“So, you are going to find patchiness – there are going to be parts of Scotland, if you look at the Clyde estuary for example where you’ve got a huge population, you’re going to have a higher level of pollution.”

Because of Sepa’s smaller budget than its English counterparts, they have to focus their work on “trouble spots”, said Dr Boxall.

The National: People enjoying the sun on Portobello Beach, Edinburgh People enjoying the sun on Portobello Beach, Edinburgh

“To be fair to Scotland, they’re actually not monitoring a lot of the areas which don’t need it,” he added.

“In England, they tend to take more of the, ‘we’ll do every, say 70km approach’.

“They’re bound to find more high-quality beaches because there are, particularly in the west coast of England, fewer potential inputs.”

How sewage ends up on the beach 

Sewage normally flows to treatment plants to be made safe to be released into seas and rivers where it re-enters the water cycle.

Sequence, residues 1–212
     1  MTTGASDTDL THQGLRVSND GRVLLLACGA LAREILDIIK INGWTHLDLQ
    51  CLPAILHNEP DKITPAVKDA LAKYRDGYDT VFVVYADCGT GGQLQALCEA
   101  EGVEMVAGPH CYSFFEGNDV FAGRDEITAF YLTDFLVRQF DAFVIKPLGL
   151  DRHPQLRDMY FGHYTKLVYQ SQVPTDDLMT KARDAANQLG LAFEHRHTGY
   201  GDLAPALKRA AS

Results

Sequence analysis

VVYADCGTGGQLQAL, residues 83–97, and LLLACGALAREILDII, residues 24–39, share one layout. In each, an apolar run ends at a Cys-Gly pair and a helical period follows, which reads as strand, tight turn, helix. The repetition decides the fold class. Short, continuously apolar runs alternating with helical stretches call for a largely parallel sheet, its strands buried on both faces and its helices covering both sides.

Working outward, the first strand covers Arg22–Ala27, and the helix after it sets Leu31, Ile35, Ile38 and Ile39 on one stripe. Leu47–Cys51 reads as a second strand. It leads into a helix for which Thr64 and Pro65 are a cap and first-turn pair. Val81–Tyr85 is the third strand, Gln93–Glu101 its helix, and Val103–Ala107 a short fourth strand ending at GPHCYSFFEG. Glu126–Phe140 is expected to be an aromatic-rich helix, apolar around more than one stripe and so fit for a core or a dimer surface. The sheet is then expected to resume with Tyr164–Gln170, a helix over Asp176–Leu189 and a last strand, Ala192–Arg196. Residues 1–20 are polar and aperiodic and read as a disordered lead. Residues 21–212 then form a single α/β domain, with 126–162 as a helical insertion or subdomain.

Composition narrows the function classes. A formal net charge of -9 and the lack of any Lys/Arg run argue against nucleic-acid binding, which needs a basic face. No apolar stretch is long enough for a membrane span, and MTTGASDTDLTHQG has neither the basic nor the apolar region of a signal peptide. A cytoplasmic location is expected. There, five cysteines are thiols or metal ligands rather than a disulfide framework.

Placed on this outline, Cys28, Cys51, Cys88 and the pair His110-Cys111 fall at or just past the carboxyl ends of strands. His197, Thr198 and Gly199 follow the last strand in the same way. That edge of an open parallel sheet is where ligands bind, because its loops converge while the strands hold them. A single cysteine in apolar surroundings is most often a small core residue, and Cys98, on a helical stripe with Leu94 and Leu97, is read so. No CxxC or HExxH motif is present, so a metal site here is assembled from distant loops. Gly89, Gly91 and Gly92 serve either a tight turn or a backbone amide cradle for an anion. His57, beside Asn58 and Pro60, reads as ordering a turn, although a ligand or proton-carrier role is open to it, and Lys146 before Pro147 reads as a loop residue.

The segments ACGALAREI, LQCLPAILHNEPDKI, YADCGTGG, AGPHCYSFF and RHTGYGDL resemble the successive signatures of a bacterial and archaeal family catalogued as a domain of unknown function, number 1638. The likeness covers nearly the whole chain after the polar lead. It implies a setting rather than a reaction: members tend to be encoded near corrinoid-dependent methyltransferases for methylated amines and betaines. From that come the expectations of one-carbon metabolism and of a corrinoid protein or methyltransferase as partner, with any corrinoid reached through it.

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But because it is carried by the same pipes which carry rainwater during storms, sometimes water companies release it before being treated because not doing so could see sewage flood streets which is even riskier for public health.

The controversy in England has stemmed from the fact that overflow spills have been happening even during sustained dry periods.

Politicians have blamed the Tories’ Environment Act, which last year scrapped fines for water companies for releasing raw sewage, saying this made them more likely to do so if they would not be punished.